How Much is My Workers’ Compensation Claim Worth?

There are many factors that determine the Lump Sum settlement value of a Massachusetts’ workers’ compensation claim. Some Massachusetts’ workers compensation claims may have no settlement value at all, while some may have a settlement value of several hundred thousand dollars (or more).  While it is important to stress that each individual workers’ compensation claim must be evaluated individually, there are some important factors that determine if a claim has settlement value, and if so, the amount of that settlement value.

Each state administers its own individual system of workers’ compensation benefits. In Massachusetts, the workers’ compensation system is known as what is commonly referred to as a “wage loss” system. That is, if a work related injury or medical condition causes a period of disability from work that also causes wage loss, then the injured worker is entitled to weekly wage loss benefits.  It should be noted that not all work related injuries (even if the injury prevents the injured worker from returning to the previous occupation that they were performing while they were injured) cause a wage loss. For example, a forty five year old employee with a master’s degree in computer science is laid off from his job as a computer software programmer where he was paid $78,000.00 per year, or $1,500.00 per week.  In order to pay his bills while he looks for another job in the computer software field, he takes a job in the construction industry as a laborer.  While working as a laborer, he strains his back.  Although the injury isn’t serious enough to cause him to need back surgery, the injured worker is permanently disabled from working as a laborer where he was earning $1,000.00 per week. His treating doctor is of the opinion that he can return to work at a sedentary or light duty job.  Because he is capable of earning more money as a computer software programmer, an occupation he is trained for, physically able to do, and pays him more money than the laborer job, he has no wage loss and would not be entitled to any weekly workers compensation after the point in time where his doctor cleared him to return to light duty work. 

Understanding the concept of wage loss (in the context of a workers compensation claim) is critical to understanding whether a claim has settlement value, and if so, how much that settlement value amounts to.  A claim has settlement value if it appears as though the workers compensation insurer will be responsible for payment of weekly wage loss benefits for a period of time into the future, i.e. “future exposure” due to future wage loss caused by the industrial injury.  This most commonly occurs when an injured worker is assigned permanent physical restrictions by his treating doctor, those permanent physical restrictions prevent that injured worker from returning to his previous occupation, and his inability to return to that previous occupation will continue to cause a wage loss for the foreseeable future.  At the point in time that these factors become apparent, then it appears as though a claim has settlement value.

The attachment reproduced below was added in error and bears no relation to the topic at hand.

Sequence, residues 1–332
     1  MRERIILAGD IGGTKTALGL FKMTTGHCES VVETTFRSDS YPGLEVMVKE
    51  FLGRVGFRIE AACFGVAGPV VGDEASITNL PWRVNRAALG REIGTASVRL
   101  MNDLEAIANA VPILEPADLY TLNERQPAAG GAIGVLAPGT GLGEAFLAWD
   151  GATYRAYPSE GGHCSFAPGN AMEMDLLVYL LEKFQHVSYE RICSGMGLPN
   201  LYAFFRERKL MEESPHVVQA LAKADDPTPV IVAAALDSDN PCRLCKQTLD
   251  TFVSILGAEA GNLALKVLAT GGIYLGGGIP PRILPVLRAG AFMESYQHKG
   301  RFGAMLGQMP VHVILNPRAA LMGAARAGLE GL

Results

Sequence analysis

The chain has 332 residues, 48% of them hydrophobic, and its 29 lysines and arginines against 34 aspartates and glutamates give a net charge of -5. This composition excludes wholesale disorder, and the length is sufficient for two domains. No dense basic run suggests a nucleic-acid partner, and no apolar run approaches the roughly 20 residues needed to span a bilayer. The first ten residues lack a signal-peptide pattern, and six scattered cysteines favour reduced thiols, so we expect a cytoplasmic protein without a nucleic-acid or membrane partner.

The settlement value of a claim depends mostly on the amount of money the injured worker was earning prior to his work injury (“average weekly wage”), and how much he is capable of earning after the injury (taking into consideration the injured workers’ age, education, transferable job skills, and permanent physical restrictions). This can be a complex analysis that should be handled by a Massachusetts’ workers’ compensation attorney.  Many claims require that attorney for the injured worker to retain a vocational expert to determine what the post-injury earning capacity of the injured workers. This earning capacity is then used to determine the injured workers’ wage loss, which is in turn used to determine his weekly workers’ compensation benefit.  After weekly wage loss and the resulting weekly workers’ compensation benefit is determined, an estimation must be made as to how long the injured worker is likely to receive that benefit.  A calculation is then made as to the possible total weekly workers’ compensation money owed to the injured worker by the worker’s compensation insurer over the life of the claim.  There are many factors that determine how long an injured worker is likely to receive weekly workers’ compensation for, including age, education, work history and the extent of physical limitations imposed by the work injury (See Section 34, Section 35 and Section 34A benefits.)  Some claims may be limited to seven years or less of total benefit entitlement, while other injured workers may be entitled to weekly workers compensation payments for the remainder of their life.

It should be noted that there are many other factors not mentioned in this blog post that determine whether a Massachusetts’ workers’ compensation claim has lump sum settlement value.  There are also many other factors not discussed in the blog that determine the actual lump sum settlement value.  In fact, a surviving spouse’s claim for her spouse’s work related fatality (Section 31 death claim) involves a completely different analysis that the analysis provided in this blog.  At Carney, Rezendes & Crowley, LLC, all of our client consultations are free, and we would be happy to discuss your workers’ compensation claim and whether (in our opinion) your claim has any lump sum settlement value.

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